NOTE: Since this soup keeps well for at least two weeks in the refrigerator (in fact, its flavor actually improves with time) and lends variety to menus by being equally delicious both hot and cold, the recipe provides for approximately 8 -10 generous portions.
This soup can also be frozen—preferably in a glass container that is oven- and microwave-proof—and defrosted slowly in the refrigerator. It is best reheated in a stainless steel pot on stovetop, rather than in the microwave (where some of the ingredients might tend to curdle).
While this is a sodium-free recipe, salt can be added and quantities of the herbs and spices adjusted to taste.
• 2- ½ lbs heirloom tomatoes of assorted colors, shapes and sizes (more tomatoes make for a denser soup);
• 1 small bunch of dark (‘dino’) kale (yielding 4-5 cups of leaves stripped off their spines);
• ¾ of a medium size red onion;
• 3 cloves of fresh garlic;
• 2 stalks of celery;
• ½ a small to medium fennel bulb with approximately ¼ cup of its thin stalks and dill ‘leaves’ (or ‘hair’) included;
• 1 cup vegetable broth;
• ½ cup fresh parsley (or 1+ tablespoon dry parsley);
• ½ cup fresh basil (or 1+ tablespoon dry basil);
• ½ teaspoon sweet red paprika;
• 1/3 teaspoon powdered Turmeric;
• a pinch of cayenne pepper to taste;
• ¼ teaspoon powdered ginger;
• 1 tablespoon Worcestershire sauce;
• 3 tablespoons extra virgin olive oil;
• ¼ cup apple cider vinegar;
• 1 tablespoon honey;
• 1 whole egg;
• ½ – ¾ cup plain goat yogurt;
• 8 – 10 cups of bottled spring water—to be added to as needed.
(It’s best to chop and prepare all the ingredients before starting to cook, using separate bowls or other containers for each ingredient. Add ingredients in the order indicated below.)
= Cover bottom of big soup pot with olive oil;
= Chop and add onion and sauté on low heat until onion turns glassy;
= Chop, add and sauté garlic for 6-8 seconds;
= Chop, add and sauté heirloom tomatoes (skin-on to maximize Lycopene content);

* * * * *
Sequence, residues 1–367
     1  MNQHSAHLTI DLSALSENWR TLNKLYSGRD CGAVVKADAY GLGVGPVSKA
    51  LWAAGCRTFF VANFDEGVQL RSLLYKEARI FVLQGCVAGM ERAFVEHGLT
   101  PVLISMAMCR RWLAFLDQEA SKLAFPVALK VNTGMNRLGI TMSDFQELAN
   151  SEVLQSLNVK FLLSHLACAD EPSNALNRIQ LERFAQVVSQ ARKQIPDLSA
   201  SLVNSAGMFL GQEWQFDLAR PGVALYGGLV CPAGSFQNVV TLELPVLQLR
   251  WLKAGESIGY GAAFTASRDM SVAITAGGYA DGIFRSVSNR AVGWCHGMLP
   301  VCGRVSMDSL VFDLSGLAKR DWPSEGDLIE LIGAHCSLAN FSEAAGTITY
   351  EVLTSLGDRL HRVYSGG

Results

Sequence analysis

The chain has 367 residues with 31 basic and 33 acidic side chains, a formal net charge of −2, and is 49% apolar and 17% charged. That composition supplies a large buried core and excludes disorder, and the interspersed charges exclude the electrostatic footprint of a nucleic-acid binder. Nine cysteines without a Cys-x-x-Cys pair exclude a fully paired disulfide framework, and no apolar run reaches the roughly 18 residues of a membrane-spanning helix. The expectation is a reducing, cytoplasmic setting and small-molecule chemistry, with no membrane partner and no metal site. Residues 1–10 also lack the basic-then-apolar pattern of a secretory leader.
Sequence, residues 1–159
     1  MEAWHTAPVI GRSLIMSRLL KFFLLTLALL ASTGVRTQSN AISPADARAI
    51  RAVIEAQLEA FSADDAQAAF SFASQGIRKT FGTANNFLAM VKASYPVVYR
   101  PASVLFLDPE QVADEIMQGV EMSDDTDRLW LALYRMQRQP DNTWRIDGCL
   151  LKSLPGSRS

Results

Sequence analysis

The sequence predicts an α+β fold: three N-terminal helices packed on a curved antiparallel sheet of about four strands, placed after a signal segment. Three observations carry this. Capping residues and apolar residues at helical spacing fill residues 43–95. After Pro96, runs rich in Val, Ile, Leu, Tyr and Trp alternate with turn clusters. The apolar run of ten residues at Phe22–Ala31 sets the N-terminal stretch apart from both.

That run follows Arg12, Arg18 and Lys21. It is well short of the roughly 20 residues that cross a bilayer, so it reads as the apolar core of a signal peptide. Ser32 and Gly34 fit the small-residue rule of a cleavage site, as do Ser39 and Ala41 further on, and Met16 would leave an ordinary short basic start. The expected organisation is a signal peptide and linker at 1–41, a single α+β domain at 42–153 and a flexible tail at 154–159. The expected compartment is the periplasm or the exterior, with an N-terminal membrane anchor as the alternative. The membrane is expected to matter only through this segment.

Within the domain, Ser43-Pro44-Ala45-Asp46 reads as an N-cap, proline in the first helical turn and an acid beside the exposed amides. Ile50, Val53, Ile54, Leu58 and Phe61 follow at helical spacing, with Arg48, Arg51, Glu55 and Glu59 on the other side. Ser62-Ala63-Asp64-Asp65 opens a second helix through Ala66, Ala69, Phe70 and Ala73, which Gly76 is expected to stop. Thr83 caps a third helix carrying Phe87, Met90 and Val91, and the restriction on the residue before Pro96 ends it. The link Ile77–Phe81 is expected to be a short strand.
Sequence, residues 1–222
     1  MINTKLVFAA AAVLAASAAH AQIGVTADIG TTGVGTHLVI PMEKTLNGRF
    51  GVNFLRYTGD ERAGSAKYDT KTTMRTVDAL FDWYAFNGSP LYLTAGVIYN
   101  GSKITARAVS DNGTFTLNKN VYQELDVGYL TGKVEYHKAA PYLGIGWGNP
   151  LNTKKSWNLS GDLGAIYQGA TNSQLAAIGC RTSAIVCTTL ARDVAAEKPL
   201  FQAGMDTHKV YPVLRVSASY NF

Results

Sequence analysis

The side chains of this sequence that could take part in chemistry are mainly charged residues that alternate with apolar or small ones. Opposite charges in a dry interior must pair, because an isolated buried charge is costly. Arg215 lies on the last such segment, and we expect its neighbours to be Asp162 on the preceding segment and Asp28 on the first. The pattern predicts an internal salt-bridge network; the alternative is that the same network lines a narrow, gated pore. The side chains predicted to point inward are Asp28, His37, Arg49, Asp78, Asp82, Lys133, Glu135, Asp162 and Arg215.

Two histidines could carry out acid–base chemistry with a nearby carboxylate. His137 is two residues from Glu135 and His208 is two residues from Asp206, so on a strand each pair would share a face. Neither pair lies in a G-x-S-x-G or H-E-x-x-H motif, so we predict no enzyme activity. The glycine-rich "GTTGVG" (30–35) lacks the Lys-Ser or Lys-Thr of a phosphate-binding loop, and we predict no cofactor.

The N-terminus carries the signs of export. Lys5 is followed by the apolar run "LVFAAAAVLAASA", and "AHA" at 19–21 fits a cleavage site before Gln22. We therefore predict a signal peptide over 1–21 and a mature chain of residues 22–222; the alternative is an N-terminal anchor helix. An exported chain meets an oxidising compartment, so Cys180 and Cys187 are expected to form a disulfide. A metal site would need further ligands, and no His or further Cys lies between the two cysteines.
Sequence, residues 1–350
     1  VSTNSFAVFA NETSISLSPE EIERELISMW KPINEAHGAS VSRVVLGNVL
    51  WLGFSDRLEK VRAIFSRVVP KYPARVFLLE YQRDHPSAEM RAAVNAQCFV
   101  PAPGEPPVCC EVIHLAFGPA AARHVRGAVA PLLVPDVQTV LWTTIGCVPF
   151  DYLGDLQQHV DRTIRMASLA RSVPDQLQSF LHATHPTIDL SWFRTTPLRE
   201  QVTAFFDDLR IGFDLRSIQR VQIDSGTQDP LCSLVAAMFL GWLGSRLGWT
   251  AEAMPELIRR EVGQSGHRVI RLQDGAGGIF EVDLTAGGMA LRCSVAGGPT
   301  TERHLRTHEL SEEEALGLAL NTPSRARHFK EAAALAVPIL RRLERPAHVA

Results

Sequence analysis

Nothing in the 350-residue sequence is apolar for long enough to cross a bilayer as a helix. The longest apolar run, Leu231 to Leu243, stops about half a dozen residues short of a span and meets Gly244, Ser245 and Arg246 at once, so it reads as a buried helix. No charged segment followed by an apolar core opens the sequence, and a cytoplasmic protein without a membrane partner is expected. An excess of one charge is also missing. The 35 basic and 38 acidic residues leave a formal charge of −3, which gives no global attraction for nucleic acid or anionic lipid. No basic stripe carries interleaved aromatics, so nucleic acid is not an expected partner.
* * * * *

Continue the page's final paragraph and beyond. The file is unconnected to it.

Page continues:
= Strip kale leaves off their hard spines, shred by hand about 2-3 cups, add to above, mix well;
= Chop and add fennel ½ bulb, strip dill and chop with the thin stalks and add to above;
= Chop and add parsley if fresh—if not, add 1+ tablespoon dry parsley to spice mixture below;
= Chop and add basil leaves if fresh—if not, add 1+ tablespoon dry basil to spice mixture below;
= Add cup of vegetable broth;
= Add Worcestershire sauce;
= Turn heat down, cover pot & simmer;
= In a saucer, mix the spices (i.e. ½ teaspoon sweet red paprika, 1/3 teaspoon powdered Turmeric, a pinch of cayenne pepper to taste, ¼ teaspoon powdered ginger), and dry parsley and basil if used instead of fresh—add and mix well into ingredients in the pot;
= Keep mixing and simmering for 1 minute;
= Add spring water—less for a thick soup, more if you prefer thinner broth;
= Cover and simmer until hard ingredients have disintegrated (add water to replace whatever has cooked off or evaporated);
= In a cup, mix well the ¼ cup apple cider vinegar and 1 tablespoon honey until latter is absorbed in the vinegar and add to pot, mixing it in thoroughly;
= When ingredients have become soft, turn off cooktop, keep pot covered with tight-fitting lid until soup stopped simmering and has begun to cool down;
= Whip up the (whole) egg with the ½ – ¾ cup plain goat yogurt and drizzle slowly into soup to avoid curdling;
= Leave pot uncovered.
Soup is ready to eat. Refrigerate what is left—it will keep fresh and increasingly flavorful for 12 – 14 days.
Correspondence with Deborah Szekely regarding this Heirloom Tomato article